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Chef Wang review: Find authentic Chinese cuisine at New Hyde Park restaurant

Fried cumin lamb is a Sichuan dish served

Fried cumin lamb is a Sichuan dish served at Chef Wang restaurant in New Hyde Park. Credit: Benjamin Petit

Ding Gen Wang, executive chef at three well-reviewed Manhattan Sichuan restaurants, recently launched Chef Wang, a big, bi-level New Hyde Park spot specializing in the cuisine of his native Sichuan province. Since this is, after all, Long Island, the restaurant is equipped with a sushi bar. As fresh and well-cut as the raw fish turns out to be, it's hardly the main draw at a place with such a well-credentialed chef in the kitchen.

Enter and you'll cross over a little interior fishpond. It must be noted that on one occasion, a camphor scent is perceptible near the entryway; another time, it's absent.

A gratis plate of roasted peanuts takes the edge off appetites. You may want to start with Wang's irresistible smoked tofu with Chinese celery, cool and sprightly. From Shanghai comes West Lake beef soup, whose flavor is richer, more herbal than you'd expect from such a pale, egg white-laced brew. Wonton soup floats delicate dumplings; hot and sour soup comes out fine and fiery one time, a bit flat the next.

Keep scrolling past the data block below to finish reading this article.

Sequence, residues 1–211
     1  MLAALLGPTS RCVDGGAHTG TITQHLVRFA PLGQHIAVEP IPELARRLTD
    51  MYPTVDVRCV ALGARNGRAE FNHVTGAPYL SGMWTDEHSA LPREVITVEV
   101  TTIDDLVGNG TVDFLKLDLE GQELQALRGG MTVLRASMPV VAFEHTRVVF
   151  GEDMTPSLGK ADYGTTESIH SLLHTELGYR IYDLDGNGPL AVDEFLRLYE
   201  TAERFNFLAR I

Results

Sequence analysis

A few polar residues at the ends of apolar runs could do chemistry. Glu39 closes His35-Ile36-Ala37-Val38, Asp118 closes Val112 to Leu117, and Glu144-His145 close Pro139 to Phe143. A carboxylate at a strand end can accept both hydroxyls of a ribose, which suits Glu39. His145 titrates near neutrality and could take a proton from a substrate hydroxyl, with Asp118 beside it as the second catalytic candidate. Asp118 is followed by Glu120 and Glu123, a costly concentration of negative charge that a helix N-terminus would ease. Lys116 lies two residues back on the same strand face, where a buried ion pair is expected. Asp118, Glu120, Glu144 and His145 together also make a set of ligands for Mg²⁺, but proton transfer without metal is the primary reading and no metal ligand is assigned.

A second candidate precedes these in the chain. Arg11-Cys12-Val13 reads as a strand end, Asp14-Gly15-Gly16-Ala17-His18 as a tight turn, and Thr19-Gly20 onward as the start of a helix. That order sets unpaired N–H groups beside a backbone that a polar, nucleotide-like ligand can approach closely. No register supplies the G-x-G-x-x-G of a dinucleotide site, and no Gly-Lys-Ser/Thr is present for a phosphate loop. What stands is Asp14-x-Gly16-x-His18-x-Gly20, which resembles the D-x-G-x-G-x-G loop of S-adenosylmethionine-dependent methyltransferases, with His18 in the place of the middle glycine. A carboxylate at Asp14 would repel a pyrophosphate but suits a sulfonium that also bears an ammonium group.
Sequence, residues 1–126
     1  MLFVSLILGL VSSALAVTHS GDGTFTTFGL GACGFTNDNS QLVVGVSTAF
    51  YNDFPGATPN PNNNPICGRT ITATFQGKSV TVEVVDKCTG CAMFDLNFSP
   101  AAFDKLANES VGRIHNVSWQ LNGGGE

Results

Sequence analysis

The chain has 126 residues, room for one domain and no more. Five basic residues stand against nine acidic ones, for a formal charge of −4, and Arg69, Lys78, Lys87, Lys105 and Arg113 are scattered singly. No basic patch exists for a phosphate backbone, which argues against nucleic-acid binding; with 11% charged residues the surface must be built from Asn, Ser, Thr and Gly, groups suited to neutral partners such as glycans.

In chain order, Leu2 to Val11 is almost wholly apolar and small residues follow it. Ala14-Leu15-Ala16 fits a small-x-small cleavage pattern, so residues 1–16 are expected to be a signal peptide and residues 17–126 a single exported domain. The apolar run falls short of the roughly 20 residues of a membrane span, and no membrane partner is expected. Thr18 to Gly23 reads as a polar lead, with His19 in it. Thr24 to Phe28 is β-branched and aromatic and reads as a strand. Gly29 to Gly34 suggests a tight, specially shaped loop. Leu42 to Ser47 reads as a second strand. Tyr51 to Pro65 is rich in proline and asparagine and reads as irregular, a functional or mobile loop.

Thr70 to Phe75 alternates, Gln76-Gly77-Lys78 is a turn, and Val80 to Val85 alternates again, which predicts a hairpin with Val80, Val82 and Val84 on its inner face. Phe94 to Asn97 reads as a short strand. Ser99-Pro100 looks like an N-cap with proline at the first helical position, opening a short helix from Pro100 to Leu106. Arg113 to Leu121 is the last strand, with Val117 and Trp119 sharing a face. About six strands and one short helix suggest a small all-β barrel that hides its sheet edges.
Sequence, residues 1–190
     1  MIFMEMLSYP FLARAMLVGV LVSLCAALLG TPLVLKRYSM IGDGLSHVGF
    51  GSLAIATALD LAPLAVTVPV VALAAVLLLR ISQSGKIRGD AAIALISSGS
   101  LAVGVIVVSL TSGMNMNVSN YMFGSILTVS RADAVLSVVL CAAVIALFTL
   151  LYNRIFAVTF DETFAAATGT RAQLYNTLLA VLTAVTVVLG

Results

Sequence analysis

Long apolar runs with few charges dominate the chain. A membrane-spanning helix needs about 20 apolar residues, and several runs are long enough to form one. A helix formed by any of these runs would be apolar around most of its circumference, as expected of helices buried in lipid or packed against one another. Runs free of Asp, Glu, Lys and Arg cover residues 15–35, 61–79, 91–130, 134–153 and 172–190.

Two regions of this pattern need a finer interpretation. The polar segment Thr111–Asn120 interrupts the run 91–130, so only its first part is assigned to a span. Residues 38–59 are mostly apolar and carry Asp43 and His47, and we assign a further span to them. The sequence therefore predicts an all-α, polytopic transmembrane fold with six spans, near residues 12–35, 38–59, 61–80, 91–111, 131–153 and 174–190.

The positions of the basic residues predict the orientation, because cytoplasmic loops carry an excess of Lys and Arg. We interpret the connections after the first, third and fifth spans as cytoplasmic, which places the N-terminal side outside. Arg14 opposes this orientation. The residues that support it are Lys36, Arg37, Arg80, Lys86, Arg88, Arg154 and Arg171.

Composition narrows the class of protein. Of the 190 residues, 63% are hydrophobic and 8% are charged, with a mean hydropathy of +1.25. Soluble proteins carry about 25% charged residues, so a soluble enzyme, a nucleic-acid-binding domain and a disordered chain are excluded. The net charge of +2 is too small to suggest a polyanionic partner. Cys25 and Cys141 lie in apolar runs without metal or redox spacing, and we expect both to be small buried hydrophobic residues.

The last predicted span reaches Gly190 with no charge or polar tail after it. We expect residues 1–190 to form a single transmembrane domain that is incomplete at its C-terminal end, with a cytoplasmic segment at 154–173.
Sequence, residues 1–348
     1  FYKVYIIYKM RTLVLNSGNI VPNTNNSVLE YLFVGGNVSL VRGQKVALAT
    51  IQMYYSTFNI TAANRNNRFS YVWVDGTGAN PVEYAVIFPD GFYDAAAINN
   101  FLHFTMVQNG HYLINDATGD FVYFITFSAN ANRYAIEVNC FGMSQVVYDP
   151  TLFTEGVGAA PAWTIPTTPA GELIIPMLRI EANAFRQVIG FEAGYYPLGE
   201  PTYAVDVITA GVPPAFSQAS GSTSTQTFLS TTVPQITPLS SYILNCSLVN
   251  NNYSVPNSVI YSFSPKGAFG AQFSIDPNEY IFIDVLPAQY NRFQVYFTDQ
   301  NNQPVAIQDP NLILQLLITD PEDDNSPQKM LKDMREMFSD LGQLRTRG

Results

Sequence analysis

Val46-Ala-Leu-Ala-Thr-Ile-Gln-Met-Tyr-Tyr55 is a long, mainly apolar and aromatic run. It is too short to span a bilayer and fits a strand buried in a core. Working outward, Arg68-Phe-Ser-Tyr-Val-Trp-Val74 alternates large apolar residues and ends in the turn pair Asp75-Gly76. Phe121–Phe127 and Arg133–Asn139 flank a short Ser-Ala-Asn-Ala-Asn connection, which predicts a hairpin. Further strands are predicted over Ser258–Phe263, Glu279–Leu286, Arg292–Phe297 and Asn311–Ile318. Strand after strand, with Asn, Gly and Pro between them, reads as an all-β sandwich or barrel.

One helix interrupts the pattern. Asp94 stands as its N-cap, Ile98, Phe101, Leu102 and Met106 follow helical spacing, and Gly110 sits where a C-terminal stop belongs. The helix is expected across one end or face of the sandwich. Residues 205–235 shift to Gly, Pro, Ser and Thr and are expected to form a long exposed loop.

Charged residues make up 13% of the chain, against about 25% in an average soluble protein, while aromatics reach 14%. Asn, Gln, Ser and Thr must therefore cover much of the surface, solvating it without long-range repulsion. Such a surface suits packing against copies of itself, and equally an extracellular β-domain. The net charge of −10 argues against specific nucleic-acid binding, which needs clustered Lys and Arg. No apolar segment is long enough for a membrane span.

Wang hits the mark with his cumin fried lamb, which unleashes a slow, seductive burn. With its soft texture and oily red sauce, ma po tofu with minced pork may not be for everyone. More universally appealing is shredded pork with dry bean curd, a bold and smoky number. And you'll want to keep your chopsticks busy with shredded duck and string beans in a subtly electric black pepper sauce. Kung pao shrimp, ordered medium-hot, is carefully calibrated to be just that.

Wang's beef chow fun, a well-rendered Cantonese classic, is hard to stop eating. And Singapore-style mei fun noodles with chicken features rice noodles so light they almost dissolve on the tongue. Less successful is vegetable lo mein, which drowns in soy sauce.

If you look around the restaurant, you may see people cooking raw food -- anything from sliced fish to cow throat -- in hot pots filled with bubbling broth, then dipping the items into various sauces. Throughout China, this is a popular, and interactive, way to dine.

While you can end with ice cream truffles, such finales as sweet potato cake and glutinous rice ball seem more in the spirit of authenticity.

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